03/31/2016 16:31 EDT | Updated 04/01/2017 01:12 EDT

Richmond racquetball players fight court closure at South Arm Community Centre

The City of Richmond is looking at closing one of two racquetball courts at the South Arm Community Centre, but a group of racquetball players are teaming up to save their home court.

Racquetball's heyday has come and gone, but it is still a valuable physical and social activity for some, including a group of 200 players who have signed a petition asking the city to reconsider the move.

Marty Reynolds picked up a racquet 35 years ago and hasn't stopped playing since.

"I've done lots of other exercise, but this is what I like to do. I'll move mountains to get out and play for a couple of hours like this," said the 70-year old.

Murray Iseli grew up in a house across from South Arm and says even though his competition days may be over, the courts at the community centre still give him and his fellow racquetball enthusiasts a lot of joy.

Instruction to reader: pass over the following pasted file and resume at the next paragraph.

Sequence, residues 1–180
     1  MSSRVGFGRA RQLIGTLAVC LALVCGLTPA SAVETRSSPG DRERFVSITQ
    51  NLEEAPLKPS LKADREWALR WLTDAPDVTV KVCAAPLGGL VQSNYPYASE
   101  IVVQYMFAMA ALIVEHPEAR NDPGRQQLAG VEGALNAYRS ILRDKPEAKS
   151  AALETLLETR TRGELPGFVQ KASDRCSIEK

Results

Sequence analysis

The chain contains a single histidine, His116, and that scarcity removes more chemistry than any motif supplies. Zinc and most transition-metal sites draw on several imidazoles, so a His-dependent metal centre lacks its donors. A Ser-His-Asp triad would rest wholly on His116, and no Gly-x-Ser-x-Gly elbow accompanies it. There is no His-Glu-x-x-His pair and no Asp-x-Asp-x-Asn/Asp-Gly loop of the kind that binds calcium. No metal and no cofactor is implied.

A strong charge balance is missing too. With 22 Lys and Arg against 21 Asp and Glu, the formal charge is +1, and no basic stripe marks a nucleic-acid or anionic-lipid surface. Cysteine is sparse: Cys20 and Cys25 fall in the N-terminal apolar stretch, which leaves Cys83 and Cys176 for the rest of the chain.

"Lots of us have played in tournaments together and won championships together and leagues and different things like that," he said.

"Now that we have time to play, we thought it would be great. And now it may end and we're pretty unhappy about that."

'Quite the camaraderie'

Like most sports, playing the game is only half the fun. Meeting up with friends can make the trip to the gym or court well worth it, said one long-time Richmond resident.

"Most of us have built quite the camaraderie over these 30 years. It's not just racquetball — it's about going to meet the people that you've been enjoying for all those years," said Nicki Bianchin.

Her friend, Shawn Ho, agrees and says he enjoys the competition among friends.

Ho started playing racquetball 30 years ago because the sport complemented his main passion, martial arts.

But he says the best thing about playing the sport with friends is "trying to beat everybody else"

City's response

The city says it has met with racquetball players twice to discuss their concerns and will investigate other options for the court before making their final decision.

The move to repurpose one of the racquetball courts was based on a "decline in use," the City of Richmond told CBC in an email.

"Based on current usage, one court each would meet current needs," it wrote.

With files from CBC Radio's The Early Edition!

To listen to the full interview, click the link labelled: Racquetball players rally to keep Richmond court.